5 Tips for better portrait photograph2019-11-12 | photography
Have you ever looked at a magazine or photo in general wondered how the photographer of captured a particular portrait? Perhaps, you seen the portrait it appears that the life of the individual springs out.
These elements which are presented are not done haphazardly. Is photographer you understand the basics of capturing portrait. However here are five tips to help you capture better portraits.
#1. Determine the story you want to tell
When dealing with portraits, photographers are trying to make the face tell a story. The difficulty in this is that the face has a wide range of expression of emotion. According to a 2011 report by the American psychological Association, there are over 10,000 expressions which can be made with the face. Thankfully, only six major emotions are dominant on most people. As the face is usually the primary focus of a portrait, the photographer will be most benefited by establishing the story they want the face to tell. Keep in mind that framing the face according to the emotion will play a great part and how the photograph is received. An example of this would be a photographer who was trying to establish a surprised expression. The person's face must show that they are surprised. Furthermore, the individual cannot be leaning forward as leaning forward is a dominant trait not a surprise straight. By determining the story you want to tell, a better portrait photograph can be taken because better consideration will be given to the overall composition.
#2 Minimalize distractions
A portraits main functionality is to show the individual and to convey a story through that person. One of the best ways to establish a better portrait photograph is to eliminate those things which would distract the viewer from the subject. There are a few ways to do this. A photographer may choose to shoot in a studio setting against a solid background. This option would eliminate any background deterrence from the photo, but on the other hand doing so would eliminate natural lighting in most cases. Another option would be to blur the background and keep your subject in the foreground. This is a particularly nice effect when trying to capture motion (such as a person walking down a busy street).
#3 Determine the zoom on your subject
Once the story and the setting have been established, the next step is to determine the actual shot which is to be taken. Currently trending, portraits are tightly focused on the face and may or may not encompass the entire body or head. Depending on the emotion which is to be presented, you may need to tighten or loosen the depth of zoom on your subject.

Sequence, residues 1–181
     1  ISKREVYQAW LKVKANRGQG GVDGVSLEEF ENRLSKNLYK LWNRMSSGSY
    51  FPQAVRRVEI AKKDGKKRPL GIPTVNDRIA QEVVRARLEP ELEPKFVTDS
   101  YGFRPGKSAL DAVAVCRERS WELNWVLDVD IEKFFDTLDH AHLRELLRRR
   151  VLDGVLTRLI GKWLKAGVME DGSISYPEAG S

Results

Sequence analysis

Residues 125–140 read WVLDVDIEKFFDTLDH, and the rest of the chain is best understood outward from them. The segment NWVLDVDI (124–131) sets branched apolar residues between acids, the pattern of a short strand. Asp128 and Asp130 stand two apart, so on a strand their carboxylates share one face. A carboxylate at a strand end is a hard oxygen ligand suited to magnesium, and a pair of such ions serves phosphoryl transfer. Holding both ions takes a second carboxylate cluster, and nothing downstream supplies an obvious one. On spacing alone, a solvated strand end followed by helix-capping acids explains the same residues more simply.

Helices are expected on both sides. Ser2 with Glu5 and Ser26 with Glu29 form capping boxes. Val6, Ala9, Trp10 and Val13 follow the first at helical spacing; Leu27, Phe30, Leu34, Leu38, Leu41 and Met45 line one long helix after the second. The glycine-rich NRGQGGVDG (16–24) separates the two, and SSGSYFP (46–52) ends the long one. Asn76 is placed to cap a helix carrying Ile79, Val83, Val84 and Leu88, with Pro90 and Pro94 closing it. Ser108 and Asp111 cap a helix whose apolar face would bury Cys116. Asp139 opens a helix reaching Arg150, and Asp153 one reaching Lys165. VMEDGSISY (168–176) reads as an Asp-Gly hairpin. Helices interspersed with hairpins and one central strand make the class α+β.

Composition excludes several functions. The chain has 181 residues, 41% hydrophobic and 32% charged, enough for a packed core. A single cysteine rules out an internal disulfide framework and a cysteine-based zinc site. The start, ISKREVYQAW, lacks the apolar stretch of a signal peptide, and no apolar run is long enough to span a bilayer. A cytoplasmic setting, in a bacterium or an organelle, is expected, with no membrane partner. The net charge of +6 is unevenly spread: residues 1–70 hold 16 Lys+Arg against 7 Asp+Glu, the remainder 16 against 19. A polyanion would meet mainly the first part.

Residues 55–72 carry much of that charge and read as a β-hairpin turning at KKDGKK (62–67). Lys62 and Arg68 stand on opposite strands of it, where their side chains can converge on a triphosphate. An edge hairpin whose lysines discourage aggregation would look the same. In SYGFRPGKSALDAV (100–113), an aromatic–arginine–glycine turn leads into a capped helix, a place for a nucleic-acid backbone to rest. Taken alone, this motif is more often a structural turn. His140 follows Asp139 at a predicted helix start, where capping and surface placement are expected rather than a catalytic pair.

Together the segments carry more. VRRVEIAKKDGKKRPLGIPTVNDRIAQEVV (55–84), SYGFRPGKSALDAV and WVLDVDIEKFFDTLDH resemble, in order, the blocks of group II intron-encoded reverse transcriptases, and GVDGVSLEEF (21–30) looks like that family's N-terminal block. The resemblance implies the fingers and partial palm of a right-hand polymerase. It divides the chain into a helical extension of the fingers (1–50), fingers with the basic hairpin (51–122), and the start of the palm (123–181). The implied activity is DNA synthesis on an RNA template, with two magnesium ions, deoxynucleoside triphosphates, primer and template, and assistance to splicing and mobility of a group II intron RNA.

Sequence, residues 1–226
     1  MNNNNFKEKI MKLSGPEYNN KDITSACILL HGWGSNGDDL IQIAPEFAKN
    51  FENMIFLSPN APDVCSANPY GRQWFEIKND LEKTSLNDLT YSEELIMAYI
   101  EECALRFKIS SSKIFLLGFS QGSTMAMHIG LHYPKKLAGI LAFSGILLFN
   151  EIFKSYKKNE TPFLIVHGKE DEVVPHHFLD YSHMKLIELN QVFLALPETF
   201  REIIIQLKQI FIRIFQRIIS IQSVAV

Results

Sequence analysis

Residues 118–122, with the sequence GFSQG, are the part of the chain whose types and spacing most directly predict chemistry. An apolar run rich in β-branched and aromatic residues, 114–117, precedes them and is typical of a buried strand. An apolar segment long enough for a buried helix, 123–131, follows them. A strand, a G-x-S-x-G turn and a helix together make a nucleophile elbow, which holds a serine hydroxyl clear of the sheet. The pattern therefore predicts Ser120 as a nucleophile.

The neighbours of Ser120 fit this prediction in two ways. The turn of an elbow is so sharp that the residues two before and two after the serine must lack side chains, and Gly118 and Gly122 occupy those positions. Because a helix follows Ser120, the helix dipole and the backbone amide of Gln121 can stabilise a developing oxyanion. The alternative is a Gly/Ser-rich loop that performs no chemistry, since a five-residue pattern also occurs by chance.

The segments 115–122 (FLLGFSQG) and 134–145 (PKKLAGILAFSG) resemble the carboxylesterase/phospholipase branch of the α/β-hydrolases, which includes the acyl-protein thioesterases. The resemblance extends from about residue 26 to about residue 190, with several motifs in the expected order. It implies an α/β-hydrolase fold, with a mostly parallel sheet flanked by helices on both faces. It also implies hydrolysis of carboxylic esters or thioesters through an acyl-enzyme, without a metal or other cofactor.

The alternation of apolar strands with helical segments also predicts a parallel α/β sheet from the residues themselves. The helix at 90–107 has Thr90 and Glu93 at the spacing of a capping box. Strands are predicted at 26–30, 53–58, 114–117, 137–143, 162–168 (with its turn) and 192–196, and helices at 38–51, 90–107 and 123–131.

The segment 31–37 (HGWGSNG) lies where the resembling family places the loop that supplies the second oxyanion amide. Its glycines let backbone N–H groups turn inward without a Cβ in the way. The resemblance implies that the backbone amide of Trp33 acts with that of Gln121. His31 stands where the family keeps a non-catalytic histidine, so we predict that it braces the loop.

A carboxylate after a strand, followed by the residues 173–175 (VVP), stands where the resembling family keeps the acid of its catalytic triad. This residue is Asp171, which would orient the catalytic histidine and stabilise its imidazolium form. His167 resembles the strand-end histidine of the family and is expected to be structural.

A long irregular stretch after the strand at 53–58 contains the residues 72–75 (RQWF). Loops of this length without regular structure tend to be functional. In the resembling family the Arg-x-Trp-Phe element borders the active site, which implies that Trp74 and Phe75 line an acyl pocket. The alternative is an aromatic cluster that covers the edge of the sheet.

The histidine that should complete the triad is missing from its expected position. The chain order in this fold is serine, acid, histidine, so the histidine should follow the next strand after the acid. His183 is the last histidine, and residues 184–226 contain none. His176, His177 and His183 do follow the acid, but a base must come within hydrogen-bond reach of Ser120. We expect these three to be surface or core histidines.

#4 Keep the portrait off-center
One mistake which is seen and portrait photography is that the individual is constantly being centered in the composition. Where there may be the rare occasion that presents itself, this is generally a bad idea for any professional photography composition. Off-centering your subject slightly, especially on shots that are closely cropped, makes better use of the positive and negative space with in the photograph. Keep in mind that the viewer will follow the lines established by the pose and expression of the person being photographed. By keeping your composition off-centered you can establish the circular motion to the viewer whereas with a centered composition the viewer usually has only a vertical motion (face to torso or vice versa) the viewing.
#5 Be Creative
If you want to have that are portrait photography been the key is to be creative. The momentous shots are those which are done outside of the box. True, there are general rules which usually are followed, the bending or breaking one or two of these rules can help you establish a better portrait.
• Tilt the camera, change the angle - my bearing the camera angle ,especially in shots which have with motion, you can and a little creativity which would not be present at the portrait was shot straight on.
• Merge black and white with color - some of the most dynamic portraits have minimal color and black-and-white. One example would be a bride holding a red rose. If everything else is kept in black and white then the rose becomes more dynamic. Another great use of this technique is to make everything but the eyes black and white.
• Widen your gaze - sometimes it is more beneficial to have a wider composition and have a close one. If you can fit your subject and the environment together and artistic and creative manner then it may be more beneficial to include the landscape into the portrait. Such merger must be done carefully so as not to change the photograph from being a portrait into being a landscape or multi-composition photograph.
Portraits are some of the most sought after photography within the industry. People like to see themselves in a different light, immortalized at their finest. As a photographer, being able to determine the story, lighting, angle, and vision needed for outstanding portrait is what will establish you as a master in the field.